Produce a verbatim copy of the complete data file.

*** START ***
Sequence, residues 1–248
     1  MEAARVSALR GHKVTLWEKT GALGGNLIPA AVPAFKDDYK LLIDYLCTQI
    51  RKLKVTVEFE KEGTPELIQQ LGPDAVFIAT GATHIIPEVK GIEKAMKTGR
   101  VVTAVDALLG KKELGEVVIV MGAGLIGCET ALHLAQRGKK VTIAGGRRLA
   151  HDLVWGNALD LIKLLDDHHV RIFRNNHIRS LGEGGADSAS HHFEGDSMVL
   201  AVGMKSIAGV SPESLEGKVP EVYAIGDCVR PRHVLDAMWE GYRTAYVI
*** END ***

Sequence, residues 1–248
     1  MEAARVSALR GHKVTLWEKT GALGGNLIPA AVPAFKDDYK LLIDYLCTQI
    51  RKLKVTVEFE KEGTPELIQQ LGPDAVFIAT GATHIIPEVK GIEKAMKTGR
   101  VVTAVDALLG KKELGEVVIV MGAGLIGCET ALHLAQRGKK VTIAGGRRLA
   151  HDLVWGNALD LIKLLDDHHV RIFRNNHIRS LGEGGADSAS HHFEGDSMVL
   201  AVGMKSIAGV SPESLEGKVP EVYAIGDCVR PRHVLDAMWE GYRTAYVI